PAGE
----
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Faithful Friday: St. Mungo

St. Mungo was born Kentigern, son of Princess Teneu of Lothian. He was the result of his mother being attacked by Owain mab Urien, for which her father, King Lot (also called Lleuddun) had Teneu thrown from a cliff. She miraculously survived and came to an area inhabited by a man called Saint Serf, and was cared for by him.

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Edna St. Vincent Millay and Her Pickup Truck

The fragility of teenaged boys is well known / Despite their tough hands stained with oil and grease / And their slouch and their ‘tude, wanting to be grown / Their loud voices disturbing the classroom’s peace

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The Huns & Goths Part 1: Setting the Stage

For those who do not know, the Goths and the Huns were two tribes living on the outskirts of the Roman Empire. The clash of these three cultures contributed greatly to the fall of Rome, and affected modern society in a few important ways. By the 4th century, the Roman Empire had grown so large that it had divided itself into two regions: the West and the East. Each had their own Emperor, and had developed their own subcultures though on paper they were still one empire.

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Faithful Friday: St. Andre Bessette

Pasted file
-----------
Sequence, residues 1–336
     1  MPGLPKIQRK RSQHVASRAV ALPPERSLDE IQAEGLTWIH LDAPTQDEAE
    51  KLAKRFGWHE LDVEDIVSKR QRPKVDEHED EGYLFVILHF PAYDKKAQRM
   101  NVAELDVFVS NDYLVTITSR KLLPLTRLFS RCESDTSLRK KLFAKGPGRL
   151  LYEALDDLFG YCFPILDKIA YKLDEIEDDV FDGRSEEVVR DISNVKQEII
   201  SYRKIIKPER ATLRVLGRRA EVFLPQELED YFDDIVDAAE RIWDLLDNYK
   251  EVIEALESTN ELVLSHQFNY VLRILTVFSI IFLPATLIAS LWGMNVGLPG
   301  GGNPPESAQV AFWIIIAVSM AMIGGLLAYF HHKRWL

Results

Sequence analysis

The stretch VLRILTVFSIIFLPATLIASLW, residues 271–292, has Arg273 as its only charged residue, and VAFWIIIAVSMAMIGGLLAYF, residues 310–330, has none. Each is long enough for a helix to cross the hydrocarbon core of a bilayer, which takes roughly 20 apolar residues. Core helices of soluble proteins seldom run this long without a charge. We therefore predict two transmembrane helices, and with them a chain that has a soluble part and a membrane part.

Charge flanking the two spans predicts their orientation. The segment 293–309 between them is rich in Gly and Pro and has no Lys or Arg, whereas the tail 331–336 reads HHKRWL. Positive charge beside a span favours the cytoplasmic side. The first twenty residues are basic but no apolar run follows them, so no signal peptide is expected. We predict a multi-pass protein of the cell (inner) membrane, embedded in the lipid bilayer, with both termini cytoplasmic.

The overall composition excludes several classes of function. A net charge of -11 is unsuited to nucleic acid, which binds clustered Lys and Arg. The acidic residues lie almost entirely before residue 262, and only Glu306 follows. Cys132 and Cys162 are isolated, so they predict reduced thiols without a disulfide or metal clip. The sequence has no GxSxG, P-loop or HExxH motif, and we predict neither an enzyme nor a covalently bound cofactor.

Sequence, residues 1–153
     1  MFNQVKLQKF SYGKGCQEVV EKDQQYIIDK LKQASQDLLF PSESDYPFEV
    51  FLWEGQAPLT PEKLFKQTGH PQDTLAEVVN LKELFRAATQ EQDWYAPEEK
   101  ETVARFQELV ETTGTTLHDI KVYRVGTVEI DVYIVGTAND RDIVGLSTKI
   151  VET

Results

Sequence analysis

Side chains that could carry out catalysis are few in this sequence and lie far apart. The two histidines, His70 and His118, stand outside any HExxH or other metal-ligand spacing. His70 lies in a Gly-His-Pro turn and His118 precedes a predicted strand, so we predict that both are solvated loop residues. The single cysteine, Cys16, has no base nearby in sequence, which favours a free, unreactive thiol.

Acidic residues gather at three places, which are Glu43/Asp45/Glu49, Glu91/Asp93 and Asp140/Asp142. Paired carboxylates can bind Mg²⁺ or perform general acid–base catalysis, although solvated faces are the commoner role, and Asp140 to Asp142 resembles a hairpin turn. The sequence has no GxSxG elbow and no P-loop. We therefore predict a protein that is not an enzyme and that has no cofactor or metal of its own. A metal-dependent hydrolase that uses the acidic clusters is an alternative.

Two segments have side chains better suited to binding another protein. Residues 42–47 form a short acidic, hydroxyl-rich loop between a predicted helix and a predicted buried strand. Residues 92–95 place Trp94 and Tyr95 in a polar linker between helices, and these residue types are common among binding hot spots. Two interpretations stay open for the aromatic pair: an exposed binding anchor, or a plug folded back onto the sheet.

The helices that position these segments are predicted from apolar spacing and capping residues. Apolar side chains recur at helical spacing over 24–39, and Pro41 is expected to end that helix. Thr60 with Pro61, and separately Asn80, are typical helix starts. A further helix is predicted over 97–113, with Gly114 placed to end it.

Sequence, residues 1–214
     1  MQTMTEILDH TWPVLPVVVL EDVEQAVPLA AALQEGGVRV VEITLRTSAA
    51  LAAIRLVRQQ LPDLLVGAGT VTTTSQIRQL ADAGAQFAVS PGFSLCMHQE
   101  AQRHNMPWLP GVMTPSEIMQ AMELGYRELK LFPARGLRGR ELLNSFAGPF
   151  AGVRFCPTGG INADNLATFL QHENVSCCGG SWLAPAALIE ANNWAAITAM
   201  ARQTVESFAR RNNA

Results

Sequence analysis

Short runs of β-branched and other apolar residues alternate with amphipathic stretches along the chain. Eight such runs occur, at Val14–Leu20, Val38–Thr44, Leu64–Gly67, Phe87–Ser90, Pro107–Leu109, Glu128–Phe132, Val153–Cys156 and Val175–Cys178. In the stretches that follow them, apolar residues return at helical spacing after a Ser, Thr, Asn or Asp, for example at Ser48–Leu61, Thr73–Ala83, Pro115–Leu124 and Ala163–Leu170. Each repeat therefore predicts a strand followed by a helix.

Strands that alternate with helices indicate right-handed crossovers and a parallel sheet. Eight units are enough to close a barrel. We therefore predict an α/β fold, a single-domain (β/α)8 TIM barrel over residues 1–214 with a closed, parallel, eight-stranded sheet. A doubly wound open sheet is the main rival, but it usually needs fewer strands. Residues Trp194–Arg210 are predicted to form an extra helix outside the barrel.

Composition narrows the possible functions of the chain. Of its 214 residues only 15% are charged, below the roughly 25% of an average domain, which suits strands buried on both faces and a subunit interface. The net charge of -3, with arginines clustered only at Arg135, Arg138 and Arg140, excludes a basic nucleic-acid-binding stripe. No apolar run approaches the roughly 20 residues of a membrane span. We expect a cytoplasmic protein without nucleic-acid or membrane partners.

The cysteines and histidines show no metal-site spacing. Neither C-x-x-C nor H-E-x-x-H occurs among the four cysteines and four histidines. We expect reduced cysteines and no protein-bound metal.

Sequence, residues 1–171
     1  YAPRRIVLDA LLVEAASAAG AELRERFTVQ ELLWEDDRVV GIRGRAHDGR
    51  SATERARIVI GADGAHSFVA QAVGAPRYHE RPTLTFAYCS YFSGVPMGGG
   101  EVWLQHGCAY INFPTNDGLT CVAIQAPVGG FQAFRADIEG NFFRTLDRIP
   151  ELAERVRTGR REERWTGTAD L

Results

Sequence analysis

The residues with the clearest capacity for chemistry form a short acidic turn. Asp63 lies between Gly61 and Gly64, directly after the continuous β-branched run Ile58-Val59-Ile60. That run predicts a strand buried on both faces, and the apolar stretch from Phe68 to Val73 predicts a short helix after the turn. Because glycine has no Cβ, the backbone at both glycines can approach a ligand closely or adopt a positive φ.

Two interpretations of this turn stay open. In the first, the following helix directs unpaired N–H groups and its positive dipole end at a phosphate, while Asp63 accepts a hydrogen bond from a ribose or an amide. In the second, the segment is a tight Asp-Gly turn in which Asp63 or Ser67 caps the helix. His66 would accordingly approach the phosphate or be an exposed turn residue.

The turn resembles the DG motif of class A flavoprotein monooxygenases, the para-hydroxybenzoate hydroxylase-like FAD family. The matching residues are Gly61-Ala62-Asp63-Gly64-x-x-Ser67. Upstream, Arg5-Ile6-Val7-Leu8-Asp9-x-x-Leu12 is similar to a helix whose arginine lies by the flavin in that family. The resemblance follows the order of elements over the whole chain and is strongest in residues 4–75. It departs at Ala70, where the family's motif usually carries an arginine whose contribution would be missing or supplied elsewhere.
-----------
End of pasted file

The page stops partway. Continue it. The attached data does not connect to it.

Through trials, rigors and the initial skepticism of the brethren, Alfred persevered, joining the religious order known as the Congregation of the Holy Cross. As a novice, he learned to read (a skill he had not learned as a child) and memorized many portions of Scripture and of the writings of the saints. He received Holy Orders on August 22, 1872, taking the name Brother Andre. He was then assigned to serve as a porter at the College of Notre Dame, which he served admirably, despite ill-treatment by his superior. Once again, he persevered without the slightest complaint as he always had before.

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St. Nicholas’ Night

The original Santa Claus / Was a man who lived in Turkey / A very long time ago, tis true / A jolly, dear old Bishop / Who took his duties seriously / And a smile when times were blue

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All Children by Nature Have a Desire to Learn

Once upon a time, I was sitting in the car, reading and waiting for the spouse-person who was yakking with some other women after Mass. Suddenly, I noticed a little boy standing next to me at the window. He said, “You look like Father Brown.”

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Faithful Friday: Gregory of Nazianzus

Gregory of Nazianzus (also called Gregory Nazianzen) was born around 330 AD in Cappadocia, now modern Turkey. Gregory was given a classical education in the cities of Caesarea, Alexandria, and Athens. Among his schoolmates were St. Basil the Great and future Roman emperor Julian the Apostate.

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The Christmas Puzzle

Oh Christmas crib, oh Christmas crib, / What a privilege you were blessed to have / From you food to animals was given / And now you carry the Bread of Heaven / Oh Christmas crib, oh Christmas crib, / What a privilege you were blessed to have